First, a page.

Browne, William Angus
8th Battalion Royal Inniskilling Fusiliers
attached 53rd Squadron, Royal Flying Corps
Killed in action on Friday 21 September 1917 (aged 24)
Pont-du-Hem Military Cemetery, France (Grave IV. G. 25)
Kircubbin Parish Church of Ireland Church (Holy Trinity) and
Family grave headstone in the adjoining graveyard
Queen’s University Belfast (QUB) War Memorial
Queen’s University Belfast (QUB) Book of Remembrance
William Angus Browne was born on 2 April 1893 in Kircubbin and he was the younger son of William and Ellen Johnstone Browne (nee Davidson) of Tubber-na-carrig, Kircubbin who were married on 24 April 1876 in Innishargie Parish Church of Ireland Church, Balligan. William Browne, a schoolmaster from Kircubbin was a son of John Browne, a linen merchant. Ellen Davidson, a teacher from Kircubbin (she was originally from Greyabbey) was a daughter of Robert Davidson, a gardener.
William Browne was the Principal of Tubber National School Kircubbin for 36 years and Ellen also taught in Tubber School. William and Ellen Browne (nee Davidson) had eight children, all of whom were baptised in Kircubbin Parish Church of Ireland Church:
Emily Davidson (born 31 March 1877 in Kircubbin; married John Boyd Iliff 22 July 1897; died 27 November 1968)
Jane Mayes (Jennie, born 20 January 1879 in Kircubbin; married William Iliff 17 October 1899; daughter Jennie Mayes born 2 February 1905; died following childbirth 10 February 1905, aged 26)
John Boyd (born 26 October 1880 in Kircubbin)
Harriet Selena Hatton (born 8 October 1882 in Kircubbin)
Helen Lyle (Nellie, born 15 July 1885 in Kircubbin; married James Hawks Stokes)
Lucy Caroline (born 20 May 1887 in Kircubbin; unmarried; died 5 February 1943)
Sara Miriam (born 1 May 1889 in Kircubbin; unmarried)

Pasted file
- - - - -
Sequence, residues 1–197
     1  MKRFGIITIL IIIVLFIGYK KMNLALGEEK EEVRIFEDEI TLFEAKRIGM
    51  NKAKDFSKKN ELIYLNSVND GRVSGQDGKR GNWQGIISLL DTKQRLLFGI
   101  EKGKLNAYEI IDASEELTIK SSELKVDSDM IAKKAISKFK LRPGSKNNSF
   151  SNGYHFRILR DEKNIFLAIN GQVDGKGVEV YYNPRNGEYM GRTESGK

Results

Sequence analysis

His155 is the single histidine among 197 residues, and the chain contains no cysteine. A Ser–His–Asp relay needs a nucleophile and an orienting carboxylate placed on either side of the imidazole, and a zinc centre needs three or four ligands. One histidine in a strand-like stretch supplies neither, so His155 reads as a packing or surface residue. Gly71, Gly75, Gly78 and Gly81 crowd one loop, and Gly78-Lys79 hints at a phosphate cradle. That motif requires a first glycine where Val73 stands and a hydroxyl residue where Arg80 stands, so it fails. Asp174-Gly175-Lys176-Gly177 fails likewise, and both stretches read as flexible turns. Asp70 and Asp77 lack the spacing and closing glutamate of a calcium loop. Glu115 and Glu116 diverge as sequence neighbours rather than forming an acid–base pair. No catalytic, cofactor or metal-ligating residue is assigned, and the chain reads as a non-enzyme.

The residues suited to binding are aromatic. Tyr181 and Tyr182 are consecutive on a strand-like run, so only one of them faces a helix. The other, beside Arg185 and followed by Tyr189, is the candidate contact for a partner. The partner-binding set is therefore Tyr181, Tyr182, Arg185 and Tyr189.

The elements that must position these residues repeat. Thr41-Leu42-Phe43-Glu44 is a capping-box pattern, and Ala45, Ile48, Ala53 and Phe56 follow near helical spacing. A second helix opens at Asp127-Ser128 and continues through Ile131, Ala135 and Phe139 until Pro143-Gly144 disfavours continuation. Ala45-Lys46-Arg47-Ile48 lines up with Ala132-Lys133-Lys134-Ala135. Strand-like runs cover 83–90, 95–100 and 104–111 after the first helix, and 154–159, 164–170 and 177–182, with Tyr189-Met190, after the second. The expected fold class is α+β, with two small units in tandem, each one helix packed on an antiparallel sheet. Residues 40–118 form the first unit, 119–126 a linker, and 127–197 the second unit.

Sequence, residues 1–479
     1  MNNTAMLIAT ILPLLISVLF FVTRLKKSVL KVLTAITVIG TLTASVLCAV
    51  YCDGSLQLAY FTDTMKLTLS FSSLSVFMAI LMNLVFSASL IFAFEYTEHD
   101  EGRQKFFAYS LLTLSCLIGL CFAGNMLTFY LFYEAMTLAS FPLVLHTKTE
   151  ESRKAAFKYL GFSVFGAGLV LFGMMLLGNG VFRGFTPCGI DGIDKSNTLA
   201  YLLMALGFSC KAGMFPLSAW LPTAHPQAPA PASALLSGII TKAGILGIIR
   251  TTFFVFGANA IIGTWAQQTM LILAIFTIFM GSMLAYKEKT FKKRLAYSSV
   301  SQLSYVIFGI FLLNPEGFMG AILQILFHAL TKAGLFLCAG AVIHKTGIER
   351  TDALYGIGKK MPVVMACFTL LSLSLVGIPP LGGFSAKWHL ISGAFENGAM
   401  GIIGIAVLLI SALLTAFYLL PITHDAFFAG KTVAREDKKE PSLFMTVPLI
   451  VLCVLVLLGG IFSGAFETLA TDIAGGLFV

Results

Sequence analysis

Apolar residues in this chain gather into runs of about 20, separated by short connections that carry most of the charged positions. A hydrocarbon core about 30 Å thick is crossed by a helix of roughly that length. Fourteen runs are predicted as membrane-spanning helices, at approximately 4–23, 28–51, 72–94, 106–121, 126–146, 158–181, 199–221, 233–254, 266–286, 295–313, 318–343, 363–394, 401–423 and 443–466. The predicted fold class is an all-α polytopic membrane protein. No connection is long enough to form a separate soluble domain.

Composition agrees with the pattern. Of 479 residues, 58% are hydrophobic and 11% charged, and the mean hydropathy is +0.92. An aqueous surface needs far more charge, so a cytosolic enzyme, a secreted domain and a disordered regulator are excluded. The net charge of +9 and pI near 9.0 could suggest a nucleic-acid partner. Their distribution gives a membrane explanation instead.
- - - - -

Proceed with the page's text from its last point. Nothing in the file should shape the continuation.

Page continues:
William Angus (born 2 April 1893 in Kircubbin)
William Angus Browne’s father died of Bright’s Disease on 17 June 1907 (aged 58), his mother died of cancer on 15 January 1909 (aged 60) and both were buried in Kircubbin Parish Church graveyard.
William Angus Browne attended the Belfast Municipal Technical Institute to do an engineering course and on 1 September 1914 he joined the QUB Officers’ Training Corps (OTC).
During the First World War, William Angus Browne served with the 8th Battalion Royal Inniskilling Fusiliers and was attached to the 53rd Squadron of the Royal Flying Corps.
He was commissioned on 9 October 1915.
Lieutenant William Angus Browne was initially posted as missing in action on 21 September 1917 and then in February 1918 it was officially confirmed that he had been killed in action.
The For King and Country notice which appeared in the Newtownards Chronicle was submitted by his sister, Miss Lucy Browne, who lived at 113 Agincourt Avenue, Belfast and it was she who received the medal pair to which he was entitled. It was she who chose the message for inscription on his CWGC headstone:
GLADLY HE LIVED
AND GLADLY DIED
James Hawks Stokes and Helen Lyle Stokes (nee Browne) had a son they named William Angus Bartlett Stokes (named after William Angus Browne) and he was killed in the Second World War. Flying Officer (Wireless Operator/Air Gunner) William Angus Bartlett Stokes (No. J/18752) served with 295 (RAF) Squadron in the Royal Canadian Air Force and was 24 when he died on 11 June 1943. He was buried in Heanton Punchardon (St. Augustine’s) Churchyard, Devon.
John Boyd Iliff and Emily Davidson Iliff (nee Browne) had a son they named William Angus Boyd Iliff and he was knighted by the Queen in 1961.
Lieutenant William Angus Browne was 24 when he died, and he was buried in Pont-du-Hem Military Cemetery, France.
Lieutenant William Angus Browne is commemorated in Kircubbin Parish Church of Ireland Church (Holy Trinity); on the family grave headstone in the adjoining graveyard; on the Queen’s University Belfast (QUB) War Memorial and in the Queen’s University Belfast (QUB) Book of Remembrance.